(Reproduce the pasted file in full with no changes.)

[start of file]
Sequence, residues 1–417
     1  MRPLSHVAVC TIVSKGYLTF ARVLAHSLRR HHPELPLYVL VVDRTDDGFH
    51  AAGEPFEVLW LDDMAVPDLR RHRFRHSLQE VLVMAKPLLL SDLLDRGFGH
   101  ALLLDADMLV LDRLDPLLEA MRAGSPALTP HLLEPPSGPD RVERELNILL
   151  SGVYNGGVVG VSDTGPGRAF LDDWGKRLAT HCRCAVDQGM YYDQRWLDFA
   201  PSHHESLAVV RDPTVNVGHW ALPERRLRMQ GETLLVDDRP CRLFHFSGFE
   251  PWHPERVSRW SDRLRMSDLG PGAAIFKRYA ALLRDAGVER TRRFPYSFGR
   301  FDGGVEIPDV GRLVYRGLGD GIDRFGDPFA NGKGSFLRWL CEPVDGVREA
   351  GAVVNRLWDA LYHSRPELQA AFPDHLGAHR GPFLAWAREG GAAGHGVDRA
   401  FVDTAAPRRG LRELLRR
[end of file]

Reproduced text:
Sequence, residues 1–417
     1  MRPLSHVAVC TIVSKGYLTF ARVLAHSLRR HHPELPLYVL VVDRTDDGFH
    51  AAGEPFEVLW LDDMAVPDLR RHRFRHSLQE VLVMAKPLLL SDLLDRGFGH
   101  ALLLDADMLV LDRLDPLLEA MRAGSPALTP HLLEPPSGPD RVERELNILL
   151  SGVYNGGVVG VSDTGPGRAF LDDWGKRLAT HCRCAVDQGM YYDQRWLDFA
   201  PSHHESLAVV RDPTVNVGHW ALPERRLRMQ GETLLVDDRP CRLFHFSGFE
   251  PWHPERVSRW SDRLRMSDLG PGAAIFKRYA ALLRDAGVER TRRFPYSFGR
   301  FDGGVEIPDV GRLVYRGLGD GIDRFGDPFA NGKGSFLRWL CEPVDGVREA
   351  GAVVNRLWDA LYHSRPELQA AFPDHLGAHR GPFLAWAREG GAAGHGVDRA
   401  FVDTAAPRRG LRELLRR